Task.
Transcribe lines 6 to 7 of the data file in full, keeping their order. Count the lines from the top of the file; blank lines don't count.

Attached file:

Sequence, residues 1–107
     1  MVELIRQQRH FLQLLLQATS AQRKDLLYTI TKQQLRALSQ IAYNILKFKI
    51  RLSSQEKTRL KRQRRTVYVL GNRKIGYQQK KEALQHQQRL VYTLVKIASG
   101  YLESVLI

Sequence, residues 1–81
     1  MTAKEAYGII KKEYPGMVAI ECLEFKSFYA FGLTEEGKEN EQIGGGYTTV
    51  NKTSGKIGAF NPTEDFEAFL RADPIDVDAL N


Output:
     1  MTAKEAYGII KKEYPGMVAI ECLEFKSFYA FGLTEEGKEN EQIGGGYTTV
    51  NKTSGKIGAF NPTEDFEAFL RADPIDVDAL N